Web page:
Sunday, March 1, 2015

TOM ANTON: A Call To Serve ... Meat


Tom Anton, left, with Vice Adm. William Gortney in Bahrain.

Tom Anton’s barbecues began simply: A guy from Bakersfield, with a genuine fondness for the military, boxed up a bunch of prime cut steaks, hauled them to a ship and barbecued them for a bunch of sailors.

Anton’s first barbecue about two decades ago was followed by several more – just one man’s personal expressions of appreciation for the military’s sacrifices.

But after the terrorists’ attacks on the United States on Sept. 11, 2001, Anton’s barbecues evolved into a loosely-knit group of about 60 people, called the Cooks from the Valley, traveling like an invading army, barbecuing steaks by the thousands to weary sailors, soldiers and marines, some deployed to the most dangerous and isolated regions of the world.

To understand how a simple barbecue could become such a big deal, you have to go back to their beginnings, which make Anton laugh when he talks about them.

Anton says the closest he came to having a military experience was spending some time in a military school as a kid. The 65-year-old attorney was born and raised in landlocked Bakersfield, Calif. But he developed a fondness for the ocean, an interest in boats and a respect for the U.S. Navy. That led to Anton’s involvement in the local Navy League chapter, as its legal advisor.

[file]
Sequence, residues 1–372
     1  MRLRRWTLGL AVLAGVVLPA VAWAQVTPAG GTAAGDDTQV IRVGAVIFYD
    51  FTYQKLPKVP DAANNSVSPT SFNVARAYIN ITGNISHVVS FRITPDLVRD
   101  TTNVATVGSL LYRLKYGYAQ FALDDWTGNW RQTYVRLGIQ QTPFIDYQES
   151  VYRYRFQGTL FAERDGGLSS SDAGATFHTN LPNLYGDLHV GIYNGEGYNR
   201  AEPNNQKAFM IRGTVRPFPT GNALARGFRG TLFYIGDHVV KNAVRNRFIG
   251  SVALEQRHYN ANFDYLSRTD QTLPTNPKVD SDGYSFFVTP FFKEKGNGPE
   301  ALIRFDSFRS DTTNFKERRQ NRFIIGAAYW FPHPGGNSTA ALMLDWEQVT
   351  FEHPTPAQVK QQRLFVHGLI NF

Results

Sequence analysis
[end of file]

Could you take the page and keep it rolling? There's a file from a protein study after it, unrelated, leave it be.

“The most complicated issue I dealt with was whether or not we could have beer at an event,” recalled Anton during a recent interview. He admitted he was a bit bored by the assignment and pestered to go out on a ship. His pestering landed him with a ride on a ship bound for Seattle.

A Navy officer he met on that ship later became the executive officer of the USS Chandler, a guided missile destroyer. He invited Anton to ride the Chandler home to California from Hawaii. An avid barbecue chef, Anton decided to arrange a taste of valley cooking for the ship’s crew.

Before he flew to Hawaii to board the Chandler, he called a prestigious restaurant on the island and ordered 400 of its best raw steaks. But he hadn’t quite figured out how to get the steaks from the restaurant to the ship at Pearl Harbor.

“I tried to rent a car, but that wasn’t big enough. I tried to get a van, and that didn’t work out either,” he recalled. The solution was to hire a limousine.

Anton crammed boxes of steaks into every inch of the limousine, as Rocky, the driver, fretted that the steaks would bleed out of the boxes and onto the plush upholstery. “I told them they wouldn’t leak. Hell, I had no idea what would happen.”